Armed with 20,000 more pencils, students visit Ghana
Recently, two African American Studies students visited Ghana to deliver pencils and other school supplies to schools as part of a non-profit organization they founded called The Pencil Project.
The idea for the non-profit organization originated during a July 2009 summer trip that Hannah McConn and Randryia Houston took as part of the African American Studies Study Abroad Program in Ghana. McConn and Houston also went back to Ghana in July 2010 as part of the study abroad class.
In September 2010, a Student Spotlight story was written about the students and appeared on the CLASS website.
When the students returned from their first solo trip to Ghana in support of their new non-profit organization, the CLASS Office of Communication asked them to write about their experiences - and these are their stories.
From Randryia Houston
While students all over the country sat down to Thanksgiving dinner, Hannah and I traveled to Ghana, West Africa to carry out the mission of The Pencil Project.
Although this trip was our third trip to Ghana, it was special. Not only were Hannah and I traveling alone, but the information gained from this trip would also serve as a component to an independent study class I created with Dr. James Conyers, director of the African American Studies program and Dr. Sheara Williams, associate professor in the Graduate College of Social Work.
Following the success of donating 30,000 pencils in July and the anticipation of donating 20,000 more pencils this nagging question remained - is the Pencil Project making an impact? My goal for this trip was to answer that question.
In addition to donating to four new schools, we also visited three previous beneficiaries of the Pencil Project to interview the administration and teachers about any impact made from receiving pencils.
Important findings from the interviews included:
- The children experienced a boost in morale,
- Attendance increased in two of the schools,
- One of the schools was able to donate to three other schools because of the surplus and
- Teachers were able to save money because they did not have to spend personal funds on pencils for students who did not have them.
In addition to donating and revisiting schools, we met with the Ghana Tourist Board, the Ghana Football Association, the Director of Panafest, and the Executive Director of Education. These meetings allowed The Pencil Project to gain exposure in Ghana and networking within the country. Moreover, we began the official Non- Governmental Organization (NGO) process by filing paperwork at the Ghanaian Attorney General's office.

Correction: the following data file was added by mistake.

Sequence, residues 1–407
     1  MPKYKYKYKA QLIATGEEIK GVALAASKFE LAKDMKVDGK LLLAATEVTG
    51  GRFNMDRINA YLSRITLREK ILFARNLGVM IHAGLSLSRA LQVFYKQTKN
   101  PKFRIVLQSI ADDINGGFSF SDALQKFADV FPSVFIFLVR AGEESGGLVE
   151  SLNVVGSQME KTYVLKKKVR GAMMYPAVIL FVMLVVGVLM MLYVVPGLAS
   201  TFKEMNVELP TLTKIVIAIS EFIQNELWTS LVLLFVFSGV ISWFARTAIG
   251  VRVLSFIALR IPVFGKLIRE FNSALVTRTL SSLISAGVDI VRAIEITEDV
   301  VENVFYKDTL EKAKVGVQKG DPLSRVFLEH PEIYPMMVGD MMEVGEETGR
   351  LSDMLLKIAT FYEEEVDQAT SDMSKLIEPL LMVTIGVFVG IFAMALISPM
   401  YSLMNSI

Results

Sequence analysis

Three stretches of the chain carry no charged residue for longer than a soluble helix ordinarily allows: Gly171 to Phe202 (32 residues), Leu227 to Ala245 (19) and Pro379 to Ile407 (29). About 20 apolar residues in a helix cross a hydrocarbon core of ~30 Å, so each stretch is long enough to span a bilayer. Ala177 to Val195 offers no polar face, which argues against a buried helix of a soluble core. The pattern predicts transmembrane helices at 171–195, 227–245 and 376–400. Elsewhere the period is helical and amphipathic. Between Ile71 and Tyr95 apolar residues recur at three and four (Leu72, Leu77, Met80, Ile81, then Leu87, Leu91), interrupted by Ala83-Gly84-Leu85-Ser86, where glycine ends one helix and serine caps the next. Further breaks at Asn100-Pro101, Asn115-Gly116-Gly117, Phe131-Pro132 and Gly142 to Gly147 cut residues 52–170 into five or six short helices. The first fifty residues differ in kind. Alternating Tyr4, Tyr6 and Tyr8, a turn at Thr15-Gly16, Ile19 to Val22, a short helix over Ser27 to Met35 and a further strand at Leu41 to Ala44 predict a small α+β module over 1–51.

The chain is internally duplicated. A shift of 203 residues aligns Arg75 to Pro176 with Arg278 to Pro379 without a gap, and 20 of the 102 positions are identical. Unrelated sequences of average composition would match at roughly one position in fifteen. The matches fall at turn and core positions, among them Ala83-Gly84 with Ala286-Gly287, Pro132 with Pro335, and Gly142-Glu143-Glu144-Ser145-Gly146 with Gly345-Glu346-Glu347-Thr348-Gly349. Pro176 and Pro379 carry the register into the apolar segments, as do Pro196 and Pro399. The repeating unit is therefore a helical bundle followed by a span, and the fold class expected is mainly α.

As a social work student, the opportunity to travel to Ghana enables me to indulge in both my passions: making a tangible impact in a disparate community and my love of culture.
I am grateful for the opportunity the African American Studies Department at the University of Houston has afforded me and for the unwavering support of the College of Liberal Arts and Social Sciences and the Graduate College of Social Work.
For more information please visit www.pencils4ghana.org.
From Hannah McConn
During the Thanksgiving break The Pencil Project donated 20,000 pencils to local schools in Ghana and conducted school follow-ups with recipients who had benefited from the 30,000 donated during July 2010.
The highest point of the trip was when we were leaving the Volta region to stop at a small rural school Senchi Ferry Primary Methodist which happened to be the same school our Director Kwaku Passah attended in the late 1940s.
There were about five long school buildings, each was a classroom staggered out so that there was an open area in the middle. We got out of the truck and as soon as we started opening the suitcases and the children saw the pencils they were all screaming with excitement and there was a lot of shoving to be near the table with the supplies.
There was something about this reaction that set them apart from all the other schools. Maybe it was the risk they were willing to take to act so unruly in front of the headmaster. They were all so loud and full of life and to see this type of excitement over a pencil really struck me emotionally.
The Pencil Project supplies pencils because it's a necessity for progressive education in Ghana, and I really never looked much further than that.
These pencils give an unwritten gift of emotional happiness and well-being to children which in return has helped me in the discovery of who I am.
Read more about the African American Studies program.
—Randryia Houston and Hannah McConn